The area stretches north into New South Wales, taking in Moama, Mathoura, Deniliquin, and Wakool.
Evidence of past exposure to the virus was detected in several 12-month-old dairy heifers in the area and the zone has been put in place for 30 days.
Victoria’s chief vet, Dr Charles Milne, said a Zone of Possible Transmission of 50 km and a further Buffer Zone of 50 km would remain in place whilst surveillance activities were undertaken.
Agriculture Victoria would undertake surveillance in cattle herds, over the next three weeks, to inform the longer term BTV status of the area.
"The purpose of the surveillance is to identify the potential source of the virus and determine if local spread of this insect-borne disease has occurred," Dr Milne said.
"Agriculture Victoria staff will be contacting producers in the area to seek their assistance and make arrangements for on-farm sampling of cattle.
"Both the zone and surveillance activities are essential for providing assurances to our international trading partners, and supporting Victoria's, and Australia's, valuable live animal export industry."
Whilst BTV was endemic in northern Australia, Victoria had previously been classified as being free of BTV.
Dr Milne said this had provided the live export sector with access to overseas markets requiring assurance of BTV freedom.
Under the changes, cattle and other livestock species situated in the zone would not comply with import conditions of countries requiring assurance of area freedom from BTV.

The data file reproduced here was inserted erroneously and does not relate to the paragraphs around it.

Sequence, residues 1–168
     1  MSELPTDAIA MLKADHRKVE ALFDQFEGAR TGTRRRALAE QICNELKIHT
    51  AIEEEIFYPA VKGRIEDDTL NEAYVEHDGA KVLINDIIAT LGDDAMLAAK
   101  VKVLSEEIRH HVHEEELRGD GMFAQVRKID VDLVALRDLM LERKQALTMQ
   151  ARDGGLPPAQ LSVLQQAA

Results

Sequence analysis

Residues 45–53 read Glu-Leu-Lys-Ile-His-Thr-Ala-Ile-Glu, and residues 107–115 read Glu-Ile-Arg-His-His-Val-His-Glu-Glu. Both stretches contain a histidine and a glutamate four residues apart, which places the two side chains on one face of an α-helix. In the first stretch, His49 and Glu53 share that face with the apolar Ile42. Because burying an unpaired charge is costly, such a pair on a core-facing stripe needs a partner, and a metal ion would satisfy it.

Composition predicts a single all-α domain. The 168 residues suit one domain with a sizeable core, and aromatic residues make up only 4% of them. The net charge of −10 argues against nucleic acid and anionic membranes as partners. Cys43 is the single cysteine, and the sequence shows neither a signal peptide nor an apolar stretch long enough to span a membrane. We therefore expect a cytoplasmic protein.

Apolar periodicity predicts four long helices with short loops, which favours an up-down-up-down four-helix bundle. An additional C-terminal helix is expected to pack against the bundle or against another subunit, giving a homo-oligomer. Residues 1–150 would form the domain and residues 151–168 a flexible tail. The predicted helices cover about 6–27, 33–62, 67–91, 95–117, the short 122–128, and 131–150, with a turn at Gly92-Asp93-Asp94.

There were no changes to conditions for moving cattle from this zone to other parts of Victoria, or elsewhere in Australia.
Routine pre-export testing initially found antibodies in the animals' blood, which was subsequently confirmed by CSIRO's Australian Animal Health Laboratory.
The detection of antibodies indicated previous exposure to BTV.
The cattle were not showing signs of clinical bluetongue disease and no virus was detected in the animals' blood.
Clinical bluetongue disease has not been recorded in any livestock species in the field in Australia, with the exception of two minor incidents in sheep in Darwin in 1989 and 2001.
Bluetongue is a viral disease of livestock spread by flying insects known as midges. All ruminants are susceptible, including cattle, sheep, goats, buffalo, camelids and deer
There is no risk to humans from BTV, nor are there any food safety issue associated with livestock products.
Acting NSW chief veterinary officer, Therese Wright, said most producers in the zone “would not be impacted at all”.
She said it was believed to be a non-clinical case, and added that the alert was evidence biosecurity checks and measures were working.
“We’re simply being very up front – making sure export markets have confidence in our cattle,” Dr Wright said.
“Some (producers) we may contact to see if we can collect some samples. If they’ve got suitable home-bred cattle, we’d appreciate their co-operation.
“If they do have concerns suggest they talk to their Local Land Services (LLS) district vet or NSW National Arbovirus Monitoring Program (NAMP) coordinator at the Elizabeth Macarthur Agricultural Institute.”
Victoria was previously BTV-free, while only parts of Northern NSW were included in a transmission zone.
The NSW Department of Primary Industries said it was important to note antibodies could be present in animals which had previously lived in an area exposed to the virus.